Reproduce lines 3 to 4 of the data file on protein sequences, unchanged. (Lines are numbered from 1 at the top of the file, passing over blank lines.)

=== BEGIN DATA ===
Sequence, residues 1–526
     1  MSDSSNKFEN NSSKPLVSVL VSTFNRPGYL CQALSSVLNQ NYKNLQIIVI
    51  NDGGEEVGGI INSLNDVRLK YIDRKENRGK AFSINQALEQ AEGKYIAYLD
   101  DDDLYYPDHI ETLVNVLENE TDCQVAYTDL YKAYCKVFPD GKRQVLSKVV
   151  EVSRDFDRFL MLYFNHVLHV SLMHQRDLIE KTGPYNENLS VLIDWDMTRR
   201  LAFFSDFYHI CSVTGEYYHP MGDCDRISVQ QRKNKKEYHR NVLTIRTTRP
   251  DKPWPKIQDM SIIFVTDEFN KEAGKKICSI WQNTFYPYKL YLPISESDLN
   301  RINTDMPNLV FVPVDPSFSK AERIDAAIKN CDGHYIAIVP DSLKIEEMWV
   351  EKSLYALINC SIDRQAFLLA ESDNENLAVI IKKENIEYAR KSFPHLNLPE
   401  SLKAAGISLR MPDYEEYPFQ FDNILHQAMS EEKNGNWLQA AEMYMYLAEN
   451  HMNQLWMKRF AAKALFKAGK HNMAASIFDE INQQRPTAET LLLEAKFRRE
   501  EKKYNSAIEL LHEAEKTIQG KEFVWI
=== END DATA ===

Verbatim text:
    51  NDGGEEVGGI INSLNDVRLK YIDRKENRGK AFSINQALEQ AEGKYIAYLD
   101  DDDLYYPDHI ETLVNVLENE TDCQVAYTDL YKAYCKVFPD GKRQVLSKVV